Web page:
Whilst May brushed off the biggest defeat in history as though it were nothing more than a minor set back, it is not the end of her troubles. Later today she faces a vote of no confidence in her government. Downing Street and the corporate media are all pushing the line that she will win the vote. The basis for this judgement is the assumption that her own party will vote for her (in preference to the fear of Jeremy Corbyn, who they affect to see as a dangerous Marxist) and the DUP will (albeit somewhat ironically) vote for her because her withdrawal agreement has been defeated, removing their fear of the Irish Protocol.

The prediction that May will win the confidence vote may well be correct (although it would only require a handful of abstentions in her party to bring her down). Yet it is bizarre that a government that cannot command a majority in the House of Commons and cannot get its flagship policies through the House can struggle on from one crisis to another as though nothing of significance has happened. Worse still, it seems obvious that the government does not have the creative capacity to think of any way of leaving the European Union that could command a majority in the House.

This impasse means that the legal default position - that the United Kingdom leaves the European Union on 29th March without a deal - is the most likely scenario. This is especially ironic, as of all the possible options, it is the one that has the least support in parliament. Yet, it is probably the only way this weak government can still implement the decision of the 2016 referendum.

Leaving without a deal is, of course, precisely the worst possible outcome in the view of the elites, both in this country and in the European Union. Thus, the hysteria and panic are ramping up. There are constantly reiterated assertions that parliament must not allow a no deal. There are constant demands that the government must rule out no deal. There are constant demands that there must be a people's vote. There is an air of unreality to all these shrill demands. The corporate journalists, the pundits and the politicians making them generally do so without any indication of what they would involve.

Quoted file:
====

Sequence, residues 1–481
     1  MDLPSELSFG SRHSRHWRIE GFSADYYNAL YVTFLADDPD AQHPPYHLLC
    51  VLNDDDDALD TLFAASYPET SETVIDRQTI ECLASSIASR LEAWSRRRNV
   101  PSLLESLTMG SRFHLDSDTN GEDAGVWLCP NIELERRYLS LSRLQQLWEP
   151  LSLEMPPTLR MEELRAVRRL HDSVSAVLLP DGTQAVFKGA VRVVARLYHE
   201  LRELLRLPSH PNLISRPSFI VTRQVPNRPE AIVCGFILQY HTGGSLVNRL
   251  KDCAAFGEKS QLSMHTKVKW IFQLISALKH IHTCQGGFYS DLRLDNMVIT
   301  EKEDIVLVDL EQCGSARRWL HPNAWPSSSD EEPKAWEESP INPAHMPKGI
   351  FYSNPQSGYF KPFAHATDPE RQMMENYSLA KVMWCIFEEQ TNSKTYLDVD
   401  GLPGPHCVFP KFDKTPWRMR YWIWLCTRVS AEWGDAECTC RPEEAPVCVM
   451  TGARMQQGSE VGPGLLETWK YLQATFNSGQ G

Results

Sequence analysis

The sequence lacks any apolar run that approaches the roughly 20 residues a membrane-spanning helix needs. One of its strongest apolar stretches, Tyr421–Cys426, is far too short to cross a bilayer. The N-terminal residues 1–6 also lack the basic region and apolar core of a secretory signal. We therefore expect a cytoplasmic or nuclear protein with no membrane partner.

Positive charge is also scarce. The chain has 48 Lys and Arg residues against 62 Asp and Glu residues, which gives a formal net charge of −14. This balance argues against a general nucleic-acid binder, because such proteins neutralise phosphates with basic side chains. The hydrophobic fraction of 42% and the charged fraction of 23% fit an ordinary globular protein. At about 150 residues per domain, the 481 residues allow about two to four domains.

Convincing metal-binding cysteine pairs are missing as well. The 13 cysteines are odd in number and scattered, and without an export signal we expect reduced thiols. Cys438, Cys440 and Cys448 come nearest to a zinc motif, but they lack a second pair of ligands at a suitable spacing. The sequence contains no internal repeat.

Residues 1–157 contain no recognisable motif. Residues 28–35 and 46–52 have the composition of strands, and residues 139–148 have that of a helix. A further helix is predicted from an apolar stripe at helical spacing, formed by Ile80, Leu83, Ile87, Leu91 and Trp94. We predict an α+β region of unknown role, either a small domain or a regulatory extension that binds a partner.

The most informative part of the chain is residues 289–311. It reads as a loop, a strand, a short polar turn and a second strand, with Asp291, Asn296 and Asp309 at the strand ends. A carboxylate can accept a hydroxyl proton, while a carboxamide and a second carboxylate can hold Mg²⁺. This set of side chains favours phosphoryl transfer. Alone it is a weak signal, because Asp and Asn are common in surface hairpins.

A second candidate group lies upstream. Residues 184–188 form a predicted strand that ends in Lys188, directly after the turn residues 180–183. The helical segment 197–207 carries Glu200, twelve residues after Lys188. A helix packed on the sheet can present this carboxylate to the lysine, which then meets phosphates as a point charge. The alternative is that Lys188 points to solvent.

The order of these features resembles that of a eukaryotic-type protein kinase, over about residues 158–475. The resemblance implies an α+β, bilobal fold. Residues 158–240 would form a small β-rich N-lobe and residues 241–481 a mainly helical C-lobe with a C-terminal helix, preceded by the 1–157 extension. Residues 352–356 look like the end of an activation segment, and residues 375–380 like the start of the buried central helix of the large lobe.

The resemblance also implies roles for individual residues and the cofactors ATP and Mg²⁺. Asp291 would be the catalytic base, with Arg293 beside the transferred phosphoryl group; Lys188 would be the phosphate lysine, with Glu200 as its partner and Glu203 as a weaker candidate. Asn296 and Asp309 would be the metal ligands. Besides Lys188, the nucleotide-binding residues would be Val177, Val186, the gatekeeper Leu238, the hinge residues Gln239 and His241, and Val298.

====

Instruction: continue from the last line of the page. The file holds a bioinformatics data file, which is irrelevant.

The call to re-run the referendum, for instance, is made without any apparent recognition that it would require the government to initiate it, or that it would take six months or so to organise, or even what the question on the ballot paper would be (although they obviously want remain). Similarly, those demanding that parliament rule out a no deal do not seem to appreciate that parliament does not have the capacity to do so, as it would require the government to bring forward the necessary legislation. And those who demand that the government rule out no deal do not seem to understand that the government was elected on a manifesto that promised to implement the result of the referendum and that they are therefore demanding that the Tory party commits political suicide. Indeed, the only way to prevent the country leaving without a deal would be for the remainers to capture the executive.

According to Sky News sixty-one percent of people think the country is in crisis. Frankly, I doubt it: but answers depend on how you ask the question. However, what I do not doubt is that the political elite is in crisis. It is a crisis of its own making. Parliament delegated the decision as to whether to leave the European Union to the people, fully expecting the decision to be  remain. The people decided otherwise, and ever since, the political elite have been grappling with the insoluble problem of how to appear to leave whilst actually remaining. There simply is no solution to this problem, and as the March deadline draws ever closer, the panic and hysteria rise ever higher.

It is an open question how far their desperation will drive them. The Speaker of the House, John Bercow, has already shown that he is not above overthrowing the constitution. Doubtless others in parliament will be tempted down the same path. Indeed, there has already been mutterings of using an all party backbench committee to capture control of the executive, which would be a truly revolutionary move.

The clash between direct democracy and representative democracy set in train by the result of the referendum is testing the constitution to the limit. Should the political elite fail to implement the result of the referendum even greater tests may follow.

Wednesday, 9 January 2019

Do they even listen to themselves?

Anna Soubry, a member of parliament famous for emotively insulting Leavers, was called a Nazi by some people outside the House of Commons on Monday. The political media elite, of course, immediately denounced the insult as unacceptable. However, they were not content to leave it at that and have talked themselves into a hypocritical hysteria.